Most human beings have some sort of innate fear of falling. Whether it be while going down steps or walking across a log, most of us don’t want to fall. As we get older, the fear of falling becomes even more intense. Among older adults, falls are the leading cause of both fatal and non-fatal injuries. Knowing this fact can lead to even more fear of falling for the elderly. There are a few things that older people can do to help prevent falls or help falls be less detrimental.
According to the latest research, as people age, muscle mass and strength decline. This can result in falls and impairment while performing ADL’s or (activities of daily living). Just climbing in and out of a bathtub can pose considerable risk for an older person (Janssen).
There are a few things you can do to help prevent falls:
1) Exercise regularly (especially weight bearing). That’s because weight bearing exercise strengthens bones and muscles, and improves balance, coordination, and flexibility, which is especially important for older adults.
2) Review medications. Some medications and their interactions with each other may cause dizziness or drowsiness.
3) Get an eye exam. During the exam it may be determined that your eyeglass prescription needs updated or changed. This obviously means you may see better!
4) Get adequate Vitamin D and Calcium supplement. Vitamin D deficiency can be a common problem with the elderly for many reasons such as reduced skin thickness, diminished sunlight exposure, and poor diet. Vitamin D can be photo converted through the skin but can also be obtained through eating fatty fish, fortified milk, or a multivitamin. It is especially important to know that Vitamin D deficiency may cause muscle weakness. Evidence suggests that Vitamin D supplementation may preserve muscle strength and functional ability in high-risk groups, mostly home bound elderly people (Janssen).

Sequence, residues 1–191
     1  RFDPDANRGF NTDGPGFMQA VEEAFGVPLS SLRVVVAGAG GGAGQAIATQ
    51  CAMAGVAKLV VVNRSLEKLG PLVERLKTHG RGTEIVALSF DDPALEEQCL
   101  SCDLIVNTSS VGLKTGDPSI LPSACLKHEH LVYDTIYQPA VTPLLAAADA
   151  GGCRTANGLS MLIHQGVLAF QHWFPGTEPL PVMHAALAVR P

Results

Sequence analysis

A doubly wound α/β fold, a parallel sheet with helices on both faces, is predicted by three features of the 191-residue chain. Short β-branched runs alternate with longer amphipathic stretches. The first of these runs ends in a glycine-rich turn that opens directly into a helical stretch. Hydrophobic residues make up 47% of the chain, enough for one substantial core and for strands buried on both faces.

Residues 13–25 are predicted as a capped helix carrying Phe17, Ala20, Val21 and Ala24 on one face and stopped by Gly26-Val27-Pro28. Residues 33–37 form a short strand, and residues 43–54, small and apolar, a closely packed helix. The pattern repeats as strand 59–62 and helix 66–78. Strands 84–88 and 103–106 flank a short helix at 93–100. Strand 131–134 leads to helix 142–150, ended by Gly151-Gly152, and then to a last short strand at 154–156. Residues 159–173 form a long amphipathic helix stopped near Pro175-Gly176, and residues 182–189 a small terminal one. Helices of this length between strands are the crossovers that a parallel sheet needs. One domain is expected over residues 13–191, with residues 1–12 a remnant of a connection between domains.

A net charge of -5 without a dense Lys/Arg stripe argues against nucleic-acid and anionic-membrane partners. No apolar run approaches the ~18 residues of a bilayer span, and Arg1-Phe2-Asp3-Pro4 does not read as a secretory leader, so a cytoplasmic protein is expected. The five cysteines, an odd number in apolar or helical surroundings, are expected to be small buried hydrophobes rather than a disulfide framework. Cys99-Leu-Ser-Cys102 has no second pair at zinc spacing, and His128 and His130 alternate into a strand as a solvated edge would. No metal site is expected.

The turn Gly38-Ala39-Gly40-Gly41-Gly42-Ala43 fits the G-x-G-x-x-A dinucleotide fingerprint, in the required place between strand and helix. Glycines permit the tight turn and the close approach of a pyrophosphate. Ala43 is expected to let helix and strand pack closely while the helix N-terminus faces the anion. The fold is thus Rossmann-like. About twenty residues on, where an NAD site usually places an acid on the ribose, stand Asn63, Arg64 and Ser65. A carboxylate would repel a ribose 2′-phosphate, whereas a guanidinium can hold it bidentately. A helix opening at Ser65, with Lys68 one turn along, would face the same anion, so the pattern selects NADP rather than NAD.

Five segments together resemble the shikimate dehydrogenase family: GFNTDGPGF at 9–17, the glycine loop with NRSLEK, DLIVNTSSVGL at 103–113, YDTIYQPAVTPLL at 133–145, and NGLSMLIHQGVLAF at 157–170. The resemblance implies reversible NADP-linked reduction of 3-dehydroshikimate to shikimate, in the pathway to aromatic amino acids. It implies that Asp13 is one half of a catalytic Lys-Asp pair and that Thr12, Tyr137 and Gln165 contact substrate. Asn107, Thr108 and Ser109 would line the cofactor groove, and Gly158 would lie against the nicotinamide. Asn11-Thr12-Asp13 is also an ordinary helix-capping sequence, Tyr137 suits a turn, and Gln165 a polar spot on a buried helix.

5) Keep your homes safer by getting a free safety assessment. Advanced Home Health Care will provide this free service during all initial consultations.
By taking these 5 different suggestions under consideration, you may be able to reduce your risk of falling. There are many other ways to help prevent falls as well. There are also resources online such as www.cdc.gov, www.aarp.org, and www.learnnottofall.com. For more information, please contact Jessica at 402-490-3120 for a free consultation and safety assessment.
Janssen, Hennie, et al. “Vitamin D deficiency, muscle function, and falls in elderly people.” The American Journal of Clinical Nutrition 75.4 (2002): 611-615. web.21 Feb. 2015.